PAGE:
The Helmholtz Resonance

By Ross Engel

It should be no surprise to you, our intrepid readers, that the authors here at Jagged Word do occasionally enjoy beverages that come out of bottles. Water, Wine, Whiskey, Beer. If it can be bottled, we tend to like it. And it is safe to say that we all have our favorites—our go to beverages of choice.

The other night, after mowing the lawn and grilling dinner, I more than earned a delicious and refreshing beverage. And after finishing that particularly rewarding and refreshing beverage, I amazed my children by making music sound forth from my empty bottle. My son James watched in wonder and amazement. My daughters giggled as I interrupt our quiet dinner with the deep sound that only an empty bottle can make. Their pleas to “do it again” were met with gusto, and I even took the time to open a fresh bottle to demonstrate the way the pitches change depending on how full or how empty the bottle is. They were thoroughly impressed. They joyfully confessed that their father can do anything.

Of course, as adults, this pub trick isn’t all that exciting. In fact, it might even be deemed annoying. It might even make one’s wife’s eyes roll, especially as the loud sound continues to bellow through her dinner. So, you need to impress the other adults with some science, and the scientific term for the sound made from blowing across a bottle is the “Helmholtz resonance.” Now when someone gets annoyed at your bottle blowing noises, you can just tell them to stop hating on your Helmholtz resonance.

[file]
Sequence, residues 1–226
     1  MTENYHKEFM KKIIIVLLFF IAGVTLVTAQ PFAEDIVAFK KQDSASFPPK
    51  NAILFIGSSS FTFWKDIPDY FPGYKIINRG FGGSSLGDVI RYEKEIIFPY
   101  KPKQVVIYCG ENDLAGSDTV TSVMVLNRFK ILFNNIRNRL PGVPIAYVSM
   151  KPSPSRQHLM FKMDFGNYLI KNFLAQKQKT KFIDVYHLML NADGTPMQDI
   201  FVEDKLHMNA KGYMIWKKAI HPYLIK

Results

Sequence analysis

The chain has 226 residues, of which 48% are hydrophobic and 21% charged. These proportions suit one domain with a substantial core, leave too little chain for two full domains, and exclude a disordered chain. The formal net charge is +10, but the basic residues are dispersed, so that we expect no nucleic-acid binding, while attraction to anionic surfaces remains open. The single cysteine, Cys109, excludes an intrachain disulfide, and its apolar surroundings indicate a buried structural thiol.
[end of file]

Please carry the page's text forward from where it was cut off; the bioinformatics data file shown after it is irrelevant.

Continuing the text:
The reason I’m sharing this story with you isn’t for the purpose of helping you annoy your dinner guests or even to amuse your children, though that may be an added perk. The truth of the matter is, sometimes I feel like an empty bottle. Sometimes I feel like I’ve got nothing left to give. Perhaps you’ve felt that way before too!

I look at the calendar each week and know full well that another Sunday is coming, and that means another sermon to write and deliver. Another blog deadline is approaching, which means another post to write. A new month on the horizon means another newsletter article to write. For me, it often seems like a great deal of time is spent writing, drafting, and trying to put the right words together to get a message across. And sometimes putting the words together means digging deep, scraping the bottom of the barrel, and hoping to come up with something. And sometimes it’s easy to feel as though you’re coming up empty.

For the non-clergy, maybe it’s not a sermon deadline or a blog deadline. Maybe it’s that feeling of not knowing what to say when a friend or family member comes to you for words of help or comfort, and when they look to you to speak something of Jesus to them in their time of need. It’s that feeling of not knowing what to say when you’ve been put into a position where you are being asked to speak on behalf of Jesus to someone’s hurts, worries, fears, struggles, and questions, and you just don’t know what to say because you feel empty yourself.